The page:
Cobbles Wrap: Parsing Out the Which means Of One other Thrilling Season
Rolling into Brabantse Pijl, there’s always a question about whether we are done with the Cobbled Classics. Flanders Classics, the umbrella organization responsible for the Ronde van Vlaanderen, Gent-Wevelgem, the Omloop, Dwars door Vlaanderen and the Scheldeprijs, would have you believe that we have one event left to go in this mini-season… one that they manage. But a quick check of Dutch Wikipedia, a less biased source (if you trust Dutch people to make pronouncements about Flemish cycling), includes in this grouping a long list of demi-classics like Driedaagse West Vlaanderen, Le Samyn etc. … and no Brabant Arrow. If you think of Le Samyn as a cobbled classic and still don’t have room for Brabantse Pijl, that is pretty damning. I’ve always lumped it in with the Ardennes season, or just left it hanging out there by itself, but just about any standard you set (besides Dutch Wikipedia) comes up with no clear answer. Is the startlist more Ardennes than Flanders? Not really, this year it looks like a bit more of the cobbles horses are coming back for another try, although the top two Ronde finishers are packing it in, while the next two are coming back for one last try. Does the winner’s list look more like Flanders or the Ardennes? It’s a curious mix of sprinters, climbers and rock-riders. Like I said, unless you want to just punt the question to Dutch Wikipedia, there is no clear answer.
For me, though, the Hell-sized hole in the calendar yesterday left the Brabant Arrow too cut off from Flanders to count, and I am ready to move on. So here we go with your Cobbled Classics Season Wrap.
Maybe the Queen of the Classics didn’t come off on time, but we have a pretty good sense that Paris-Roubaix will return as planned in October, and probably be as good as ever. As mentioned before, the race is planned for the weekend following the World Championships which take place in Flanders, so riders will have an opportunity to approach the race by getting in some miles just north of the border beforehand. Or, heck, even swinging down to Wallers on a training day between Worlds events. October may be an odd date for the race, but it’s not like the riders will be parachuting in from Spain.
So with all that uncertainty, can we at least say we saw something that helps us figure out who the P-R favorites will be in the fall? The best predicters are form and past results. Form is unknowable, although we do at least have 2020 when riders from the spring set were tasked with peaking in the fall. That’s one lonely data point, but it’s better than zero. Additionally, we have a clear sense of who the best cobbles riders are right now in 2021, and some of them we know will be better or worse in France.
Obviously the list of “best cobbles riders 2021” is basically the top 40(ish) at De Ronde. This year the 40th placed rider, Marco Haller, finished alone at 2.24 behind Asgreen, four seconds behind four riders and nine seconds behind the peloton which encompassed riders 13-35. It’s all the big names, and anyone further back maybe has further to go before we contemplate them winning in Hell. If you peruse the results of Dwars, E3, Gent-Wevelgem… maybe I am missing a name or two, but it’s the same guys. I’m 98% sure that you will find the winner of the 2021 Paris-Roubaix somewhere in the Flanders top 40, with 2% held (optimistically) in reserve for Zdenek Stybar.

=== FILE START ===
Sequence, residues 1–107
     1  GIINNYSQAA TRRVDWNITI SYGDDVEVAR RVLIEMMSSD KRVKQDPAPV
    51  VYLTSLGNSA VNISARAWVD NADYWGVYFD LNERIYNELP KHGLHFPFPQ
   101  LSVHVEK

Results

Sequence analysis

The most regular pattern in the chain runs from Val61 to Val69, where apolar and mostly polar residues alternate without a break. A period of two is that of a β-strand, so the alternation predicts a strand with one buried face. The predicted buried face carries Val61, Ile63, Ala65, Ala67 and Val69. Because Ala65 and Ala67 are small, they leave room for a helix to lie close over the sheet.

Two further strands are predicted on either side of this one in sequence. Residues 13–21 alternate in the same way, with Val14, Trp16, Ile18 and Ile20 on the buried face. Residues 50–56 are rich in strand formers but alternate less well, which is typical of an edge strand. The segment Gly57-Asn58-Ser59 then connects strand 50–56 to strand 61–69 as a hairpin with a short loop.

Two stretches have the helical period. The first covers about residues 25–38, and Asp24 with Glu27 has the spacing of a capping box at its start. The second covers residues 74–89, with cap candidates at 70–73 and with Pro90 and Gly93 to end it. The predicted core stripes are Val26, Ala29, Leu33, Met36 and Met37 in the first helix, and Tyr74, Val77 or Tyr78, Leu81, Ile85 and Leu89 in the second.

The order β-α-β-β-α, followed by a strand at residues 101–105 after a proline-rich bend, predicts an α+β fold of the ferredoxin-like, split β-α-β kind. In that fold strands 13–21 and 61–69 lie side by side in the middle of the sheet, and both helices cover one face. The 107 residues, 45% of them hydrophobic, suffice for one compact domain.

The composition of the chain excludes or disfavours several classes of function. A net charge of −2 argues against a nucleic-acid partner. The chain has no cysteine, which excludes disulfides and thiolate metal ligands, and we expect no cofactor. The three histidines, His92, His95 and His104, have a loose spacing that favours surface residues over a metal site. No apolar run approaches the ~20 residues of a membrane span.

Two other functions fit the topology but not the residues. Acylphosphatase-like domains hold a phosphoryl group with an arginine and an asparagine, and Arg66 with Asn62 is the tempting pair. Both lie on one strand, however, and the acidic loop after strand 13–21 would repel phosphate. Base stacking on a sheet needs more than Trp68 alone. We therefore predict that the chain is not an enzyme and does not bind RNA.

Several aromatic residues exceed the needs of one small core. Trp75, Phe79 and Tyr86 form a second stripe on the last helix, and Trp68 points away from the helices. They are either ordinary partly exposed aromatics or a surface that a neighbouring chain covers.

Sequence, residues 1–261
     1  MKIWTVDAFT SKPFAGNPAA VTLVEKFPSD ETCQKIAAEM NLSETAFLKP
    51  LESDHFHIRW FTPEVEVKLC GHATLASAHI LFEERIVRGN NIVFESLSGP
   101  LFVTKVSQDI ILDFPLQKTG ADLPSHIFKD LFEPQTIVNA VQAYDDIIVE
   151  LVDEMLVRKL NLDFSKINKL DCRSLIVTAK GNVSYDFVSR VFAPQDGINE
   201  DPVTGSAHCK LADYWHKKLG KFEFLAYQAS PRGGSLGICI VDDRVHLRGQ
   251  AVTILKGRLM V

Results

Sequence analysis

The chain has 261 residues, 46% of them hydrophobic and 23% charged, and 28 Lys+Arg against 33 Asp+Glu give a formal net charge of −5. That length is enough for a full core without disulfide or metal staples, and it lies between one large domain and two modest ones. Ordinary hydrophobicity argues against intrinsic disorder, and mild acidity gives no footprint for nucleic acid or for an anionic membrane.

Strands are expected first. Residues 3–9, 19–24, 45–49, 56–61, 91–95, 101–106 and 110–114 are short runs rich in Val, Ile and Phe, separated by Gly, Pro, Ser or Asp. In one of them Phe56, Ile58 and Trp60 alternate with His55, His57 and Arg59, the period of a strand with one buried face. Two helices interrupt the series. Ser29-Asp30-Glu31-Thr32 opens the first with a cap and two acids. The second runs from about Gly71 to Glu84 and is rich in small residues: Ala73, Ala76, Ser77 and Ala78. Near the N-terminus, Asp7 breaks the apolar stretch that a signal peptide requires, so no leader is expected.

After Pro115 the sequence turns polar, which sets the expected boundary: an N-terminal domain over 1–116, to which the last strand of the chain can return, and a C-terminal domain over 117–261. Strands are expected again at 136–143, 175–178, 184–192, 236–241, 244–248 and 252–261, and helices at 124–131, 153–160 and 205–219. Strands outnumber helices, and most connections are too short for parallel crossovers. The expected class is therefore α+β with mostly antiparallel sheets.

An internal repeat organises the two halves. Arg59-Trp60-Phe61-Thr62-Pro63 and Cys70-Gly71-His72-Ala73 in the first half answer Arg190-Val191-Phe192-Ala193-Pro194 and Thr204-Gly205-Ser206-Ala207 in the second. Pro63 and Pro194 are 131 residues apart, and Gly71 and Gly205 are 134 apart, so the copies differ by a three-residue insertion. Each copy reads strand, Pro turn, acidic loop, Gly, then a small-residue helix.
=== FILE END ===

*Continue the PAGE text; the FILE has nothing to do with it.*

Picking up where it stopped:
Mathieu van der Poel and Wout Van Aert will probably come in as big favorites, and I don’t want to just round up all the usual suspects based on past results (I haven’t forgotten you, Sep Vanmarcke and Nils Politt). I’ll just throw out a couple names who maybe got a bit more interesting to me in the last three weeks: Jasper Stuyven, Stefan Kung, Anthony Turgis, and Dylan van Baarle. And as for the Double? That’s not out of the question right now, as Asgreen, who has no real history in P-R, expects to compete in the fall.
Today in Mathieu vs Wout
We should do a daily ranking. If I didn’t have a day job, I could dedicate myself to some daily sleuthing as to each one’s training regimens and race plans (nothing more personal than that) and recalculate for the next day’s Mathieu vs. Wout news cycle.
OK, I almost hesitate to joke about this, because the actual news cycles maybe aren’t that far off, or at least have some potential to reach such depressing levels. That said, we just passed through peak Mathieu vs. Wout Season, and we certainly had an interesting edition. So a roundup and summary is clearly warranted.
The reality is that they just aren’t on the same plan, so it becomes a bit hard to compare the results in an apples-to-apples fashion. Van Aert seems to have come into the season on a slower track, with other goals in mind besides a reprise of last fall, while van der Poel was just full gas from Cross worlds until now. That said, it was clear that van der Poel was losing steam from his rip-roaring March campaign in Italy, while Van Aert was gaining it, but maybe not fast enough. In the end, neither timed it right for Flanders, although van der Poel very nearly gutted out a monumental victory anyway. Which is completely ridiculous.
We did witness another chapter unfold in their place in the peloton. I am sure if we look back to last fall, we were expecting the pair to be among the top contenders, but as of this spring they were more like mortal locks. And the entire peloton took notice. I suspect their days of racing freely and easily are over and they will always enter the spring classics with heavy pressure on their shoulders.